Now, after this weekend’s Israeli warplane assaults, the threat grows even more dire.
And Bill Keller, the self-derided “reluctant hawk” on invading Iraq in 2003, returns with a column today stating right in its headline, “Syria Is Not Iraq,” and urging Obama and all of us to finally “get over Iraq.” He boasts that he has.
The Times in its news pages, via Sanger, Gordon and Jodi Rudoren, has been highlighting claims of Syria’s use of chem agents for quite some time, highlighted by last week’s top story swallowing nearly whole the latest Israeli claims. Days later, Obama said evidence was far from certain—even if chemicals were used it was very limited—and some of our allies who made same claims also expressed new skepticism. The Times editorial page urged caution. Jon Stewart mocked the hawks. But that hardly halted the foreign desk!
Yesterday, Reuters reported on one of the four United Nations investigators stating that if sarin was used in Syria it was more likely by the the rebels, not the regime. Still, David Sanger, later Sunday, continued (at least in his early drafts) to push the chem claims at the top of his story—while not noting the UN prober’s charge. He also highlighted John McCain’s calls for fast action, while burying contradictory claims, an old trick for the Times and The Washington Post from the run-up to Iraq war.
Then Bill Keller posted his Monday column. He declared that our mistakes in that country should not prevent us from intervening in Syria, which is “not Iraq.” He says he was gun-shy after his Iraq flub—but no more! Now he derides Obama for “looking for excuses to stand pat.” He also provides several reasons why Syria is “not Iraq,” and how now his hawkishness is based on reality: This time we really can hurt the terrorists gathered there, really can calm tensions in the region, and so on. Instead of a “mushroom cloud,” he warns of the next chemical “atrocity.” And he claims there’s a broader coaiition of the willing this time.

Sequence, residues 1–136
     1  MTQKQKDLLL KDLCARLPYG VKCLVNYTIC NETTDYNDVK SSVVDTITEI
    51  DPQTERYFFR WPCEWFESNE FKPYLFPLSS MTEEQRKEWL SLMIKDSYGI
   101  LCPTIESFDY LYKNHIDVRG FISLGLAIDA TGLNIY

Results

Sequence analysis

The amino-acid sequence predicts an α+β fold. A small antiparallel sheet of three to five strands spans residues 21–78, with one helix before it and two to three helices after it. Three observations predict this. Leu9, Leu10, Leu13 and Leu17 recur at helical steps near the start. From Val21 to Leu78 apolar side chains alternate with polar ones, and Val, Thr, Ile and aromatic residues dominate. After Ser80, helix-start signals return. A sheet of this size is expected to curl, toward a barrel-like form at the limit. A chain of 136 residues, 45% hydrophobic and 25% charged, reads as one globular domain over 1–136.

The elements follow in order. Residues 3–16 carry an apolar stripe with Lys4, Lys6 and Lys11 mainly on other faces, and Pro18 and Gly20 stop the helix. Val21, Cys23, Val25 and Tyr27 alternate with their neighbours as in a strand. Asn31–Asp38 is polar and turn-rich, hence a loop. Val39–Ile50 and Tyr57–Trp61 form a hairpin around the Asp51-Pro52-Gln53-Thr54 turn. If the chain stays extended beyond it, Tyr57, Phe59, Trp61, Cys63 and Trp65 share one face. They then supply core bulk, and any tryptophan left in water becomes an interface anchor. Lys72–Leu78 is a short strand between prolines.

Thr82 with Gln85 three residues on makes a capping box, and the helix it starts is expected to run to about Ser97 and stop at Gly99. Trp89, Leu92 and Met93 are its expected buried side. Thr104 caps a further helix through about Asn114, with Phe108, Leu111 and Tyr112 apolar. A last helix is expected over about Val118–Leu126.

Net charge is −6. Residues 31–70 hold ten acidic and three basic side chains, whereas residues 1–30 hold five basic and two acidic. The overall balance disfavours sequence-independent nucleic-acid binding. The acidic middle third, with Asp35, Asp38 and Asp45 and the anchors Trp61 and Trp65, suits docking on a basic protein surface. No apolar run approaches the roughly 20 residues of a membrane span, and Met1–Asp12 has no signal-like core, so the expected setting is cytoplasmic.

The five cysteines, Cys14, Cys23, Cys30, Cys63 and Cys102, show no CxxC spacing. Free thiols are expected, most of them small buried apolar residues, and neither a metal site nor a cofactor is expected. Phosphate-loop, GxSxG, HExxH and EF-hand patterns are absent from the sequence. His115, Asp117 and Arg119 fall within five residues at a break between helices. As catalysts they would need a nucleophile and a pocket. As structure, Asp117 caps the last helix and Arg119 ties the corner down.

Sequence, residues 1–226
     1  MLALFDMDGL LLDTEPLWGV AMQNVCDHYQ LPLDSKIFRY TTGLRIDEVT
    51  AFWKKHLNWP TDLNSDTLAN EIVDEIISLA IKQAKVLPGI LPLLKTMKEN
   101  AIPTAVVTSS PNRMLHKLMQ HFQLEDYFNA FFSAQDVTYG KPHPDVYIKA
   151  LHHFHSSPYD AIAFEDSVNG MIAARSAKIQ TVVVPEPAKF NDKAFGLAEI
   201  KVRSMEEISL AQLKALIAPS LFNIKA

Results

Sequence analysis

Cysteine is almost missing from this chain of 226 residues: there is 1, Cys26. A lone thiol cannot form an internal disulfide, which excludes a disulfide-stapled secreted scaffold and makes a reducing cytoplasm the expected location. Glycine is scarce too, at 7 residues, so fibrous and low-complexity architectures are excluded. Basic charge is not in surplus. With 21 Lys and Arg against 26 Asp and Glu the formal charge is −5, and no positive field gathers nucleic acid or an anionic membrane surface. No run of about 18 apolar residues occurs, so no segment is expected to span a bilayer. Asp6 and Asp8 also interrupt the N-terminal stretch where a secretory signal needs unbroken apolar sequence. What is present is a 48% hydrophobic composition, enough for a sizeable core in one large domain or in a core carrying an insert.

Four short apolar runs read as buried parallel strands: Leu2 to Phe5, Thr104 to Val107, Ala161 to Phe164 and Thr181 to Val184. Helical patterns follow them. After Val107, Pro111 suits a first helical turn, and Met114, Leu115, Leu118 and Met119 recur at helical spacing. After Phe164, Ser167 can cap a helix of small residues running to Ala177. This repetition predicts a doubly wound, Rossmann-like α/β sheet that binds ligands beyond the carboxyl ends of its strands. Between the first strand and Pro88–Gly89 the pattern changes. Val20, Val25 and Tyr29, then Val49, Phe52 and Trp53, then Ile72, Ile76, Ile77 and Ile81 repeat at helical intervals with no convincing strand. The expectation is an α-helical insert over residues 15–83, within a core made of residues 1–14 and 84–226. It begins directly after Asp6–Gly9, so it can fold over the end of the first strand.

He even revives the good old “domino theory,” endorsing the view that if we don’t do something in Syria it will embolden China, North Korea and Iran. And I love this one, straight from 2003: Doing nothing “includes the danger that if we stay away now, we will get drawn in later (and bigger), when, for example, a desperate Assad drops sarin on a Damascus suburb….” If a surge in aid for those Al Qaeda–lovin’ rebels fails against Assad, then we “send missiles against his military installations until he, or more likely those around him, calculate that they should sue for peace.” Yeah, how did that work out in Iraq in the long run?
At least Keller provides some comic relief when he admits, “I don’t mean to make this sound easy.” (To grasp why Keller is turning “hawk” on Syria, see my review of his recent column on his FUBAR re Iraq.)
Keller concludes: “Whatever we decide, getting Syria right starts with getting over Iraq.” Then we can get over Syria—with Iran? Remember when Iraq was supposed to help us “get over” Vietnam?
See my book So Wrong for So Long on how the media—including the Times and Keller—helped get us into that mess for ten years.
Israel’s throwing a big war in the Middle East, and the United States is invited. Read Robert Dreyfuss on Israel’s bombing of Syrian government forces.